|Oracle UX Tablet Guide for Apps iBook (and PDF) version): Early Adopter Wanted!||Oracle Applications User Experience <email@example.com>||7/24/13 4:46 PM|
an interactive guide in iBook format, aimed at enterprise developers of tablet apps has been released from the Oracle Apps UX team.
Officially " This guide provides basic help for designers, developers, and project managers trying to approach tablet design and testing from an enterprise
point of view." (Source: https://blogs.oracle.com/uxdirect/entry/new_design_patterns_released_on)
Direct links to download from OTN docs:
Anyone interested in trying it out - either directly with some ADF Faces or ADF Mobile coding or process-wise (wireframing)? Contact me by email or Twitter (@ultan or @usableapps). We (Oracle Apps UX) can feature your output and feedback on blogs if you're OK with that , and any feedback will be used to develop our outreach and offerings...
|Re: [ADF EMG] Oracle UX Tablet Guide for Apps iBook (and PDF) version): Early Adopter Wanted!||rturkman||7/24/13 8:38 PM|
Excellent resource - thanks for posting this valuable guide..
From: Ultan Ó Broin (Oracle Applications User Experience <ulta...@gmail.com>
Sent: Wednesday, July 24, 2013 7:46 PM
Subject: [ADF EMG] Oracle UX Tablet Guide for Apps iBook (and PDF) version): Early Adopter Wanted!
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|Re: [ADF EMG] Oracle UX Tablet Guide for Apps iBook (and PDF) version): Early Adopter Wanted!||Chris Muir||7/29/13 3:50 PM|
Thanks very much for sharing the tablet guide. Having read it cover to cover it very well articulates thoughts and ideas I was still forming on the difference and concerns specific to tablets vs mobile vs desktop app design. Personally I love these sort of guides, a brain accelerator of sorts, opening my mind to think about what I should think about next (besides my next flat white).
I especially liked the chapter of wire framing for tablets. Using Air Display to shift mock ups built on the desktop onto the iPad to test, what a small but great idea for taking wire frames to the next level, interactive mock ups on the device none the less which just about anyone can pick up.
Rather than replying via an email internally to Oracle which would block further discussions to the EMG I'll follow up with some thoughts and constructive criticism here. I hope EMG members find this useful.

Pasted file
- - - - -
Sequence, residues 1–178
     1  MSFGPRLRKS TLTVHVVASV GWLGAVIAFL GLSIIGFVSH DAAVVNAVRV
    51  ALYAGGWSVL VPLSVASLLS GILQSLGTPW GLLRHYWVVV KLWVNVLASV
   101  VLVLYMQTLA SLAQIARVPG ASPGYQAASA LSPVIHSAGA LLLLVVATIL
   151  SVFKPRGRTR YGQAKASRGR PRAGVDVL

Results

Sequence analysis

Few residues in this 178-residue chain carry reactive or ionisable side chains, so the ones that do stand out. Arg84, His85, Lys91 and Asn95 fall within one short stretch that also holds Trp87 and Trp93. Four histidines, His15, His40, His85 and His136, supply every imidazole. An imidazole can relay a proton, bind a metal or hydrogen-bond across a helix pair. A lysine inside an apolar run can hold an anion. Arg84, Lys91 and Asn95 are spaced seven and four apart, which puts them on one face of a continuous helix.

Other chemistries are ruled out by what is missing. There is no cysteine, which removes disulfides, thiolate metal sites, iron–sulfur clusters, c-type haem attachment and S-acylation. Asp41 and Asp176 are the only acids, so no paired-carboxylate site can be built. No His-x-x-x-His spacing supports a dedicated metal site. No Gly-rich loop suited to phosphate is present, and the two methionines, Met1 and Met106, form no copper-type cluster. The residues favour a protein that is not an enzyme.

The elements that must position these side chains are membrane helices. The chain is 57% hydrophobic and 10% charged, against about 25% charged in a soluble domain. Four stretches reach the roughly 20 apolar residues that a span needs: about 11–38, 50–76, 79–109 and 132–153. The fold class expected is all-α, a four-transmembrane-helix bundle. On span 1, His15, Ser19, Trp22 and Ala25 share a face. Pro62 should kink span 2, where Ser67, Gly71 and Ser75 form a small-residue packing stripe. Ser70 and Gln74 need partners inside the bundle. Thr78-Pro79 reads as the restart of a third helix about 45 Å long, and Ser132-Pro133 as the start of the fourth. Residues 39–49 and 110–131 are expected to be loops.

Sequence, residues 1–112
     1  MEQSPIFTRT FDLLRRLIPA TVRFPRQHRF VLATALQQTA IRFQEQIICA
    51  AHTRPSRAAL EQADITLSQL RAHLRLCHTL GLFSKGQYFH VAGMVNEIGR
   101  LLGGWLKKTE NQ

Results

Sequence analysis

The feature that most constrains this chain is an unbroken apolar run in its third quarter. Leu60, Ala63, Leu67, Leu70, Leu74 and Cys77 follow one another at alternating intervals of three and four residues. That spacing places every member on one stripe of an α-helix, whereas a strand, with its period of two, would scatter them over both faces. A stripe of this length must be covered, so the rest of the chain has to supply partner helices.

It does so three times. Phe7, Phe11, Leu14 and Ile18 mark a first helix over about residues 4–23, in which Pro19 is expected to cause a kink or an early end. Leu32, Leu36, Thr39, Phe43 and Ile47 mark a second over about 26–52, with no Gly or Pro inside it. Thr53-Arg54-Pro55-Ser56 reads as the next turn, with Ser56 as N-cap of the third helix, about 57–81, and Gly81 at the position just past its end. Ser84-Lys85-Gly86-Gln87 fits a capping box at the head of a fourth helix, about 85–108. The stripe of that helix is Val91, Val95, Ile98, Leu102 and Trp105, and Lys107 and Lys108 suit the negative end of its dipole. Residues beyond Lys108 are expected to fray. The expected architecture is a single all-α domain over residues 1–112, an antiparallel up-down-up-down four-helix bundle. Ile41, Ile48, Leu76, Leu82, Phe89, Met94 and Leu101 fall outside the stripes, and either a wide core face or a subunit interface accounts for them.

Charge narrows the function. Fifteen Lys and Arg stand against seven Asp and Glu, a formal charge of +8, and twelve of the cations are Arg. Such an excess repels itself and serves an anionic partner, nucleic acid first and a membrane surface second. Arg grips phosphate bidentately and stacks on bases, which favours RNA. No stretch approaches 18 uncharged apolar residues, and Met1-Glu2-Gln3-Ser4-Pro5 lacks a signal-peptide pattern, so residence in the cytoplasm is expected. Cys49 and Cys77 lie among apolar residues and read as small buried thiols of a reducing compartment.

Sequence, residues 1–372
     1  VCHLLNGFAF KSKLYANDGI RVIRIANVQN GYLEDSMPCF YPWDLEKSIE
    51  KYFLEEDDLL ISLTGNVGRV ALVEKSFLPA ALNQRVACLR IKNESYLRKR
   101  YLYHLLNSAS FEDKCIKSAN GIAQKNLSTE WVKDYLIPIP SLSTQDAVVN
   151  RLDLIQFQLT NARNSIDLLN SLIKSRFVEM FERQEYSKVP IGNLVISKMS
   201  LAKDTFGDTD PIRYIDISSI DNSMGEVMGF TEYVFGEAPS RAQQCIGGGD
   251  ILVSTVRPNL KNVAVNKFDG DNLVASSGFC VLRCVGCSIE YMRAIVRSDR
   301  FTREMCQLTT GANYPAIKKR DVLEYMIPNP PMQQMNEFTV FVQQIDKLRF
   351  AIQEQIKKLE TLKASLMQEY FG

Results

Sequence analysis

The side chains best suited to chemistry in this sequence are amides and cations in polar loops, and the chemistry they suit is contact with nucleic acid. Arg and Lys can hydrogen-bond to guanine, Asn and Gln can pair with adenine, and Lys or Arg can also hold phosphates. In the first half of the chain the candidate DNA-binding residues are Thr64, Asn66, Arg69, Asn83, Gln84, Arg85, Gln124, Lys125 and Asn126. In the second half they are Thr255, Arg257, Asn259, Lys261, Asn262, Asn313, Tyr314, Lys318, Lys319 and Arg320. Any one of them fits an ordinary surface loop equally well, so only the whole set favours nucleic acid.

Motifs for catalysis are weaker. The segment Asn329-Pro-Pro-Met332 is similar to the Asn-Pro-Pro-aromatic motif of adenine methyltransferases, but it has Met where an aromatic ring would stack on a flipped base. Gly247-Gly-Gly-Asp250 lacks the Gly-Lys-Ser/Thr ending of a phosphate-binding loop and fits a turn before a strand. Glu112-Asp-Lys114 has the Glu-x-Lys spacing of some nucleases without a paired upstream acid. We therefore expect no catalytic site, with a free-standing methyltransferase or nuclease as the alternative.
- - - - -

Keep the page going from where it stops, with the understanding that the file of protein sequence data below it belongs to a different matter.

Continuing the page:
One comment I can make for an additional section is that enterprise apps typical require complex validations and complex error messages which from experience don't fit/are clunky with the NUI interaction. To date (and I have been looking) I haven't seen many tablet apps besides a few mandatory field errors show any sophisticated or notably unique level of interaction with such validation, though obviously mobile/tablet programmers go to lengths to provide a simplified UI such that such validations aren't required/the UI assist users enter valid data by how the UI is constructed.
As a result I'm curious to understand if there are different patterns for tablet UI validation scenarios (eg. single or multiple mandatory fields, vs dependent fields same screen (start <= end date), vs dependent fields split across screens (a complex task flow such as a taxation return)) & how to handle them, or avoid them too? I wonder what your team has discovered to date? Is there a level of sophisticated tablet enterprise apps we might not have yet seen and studied because they're locked behind corporate infrastructure?
On a separate line of tablet design which I'm deliberating is the competing needs to:
a) provide a tablet UI that provides information in a flat all you can eat form. For example unlike traditional enterprise app where you might first view department data, then drill down to the employees in another screen, then down again to each employee's jobs, the tablet is likely to take an approach where that's all available in a dashboard, or more flattened structure (much like Fusion Apps dashboards) possibly using popovers to hide/reveal data.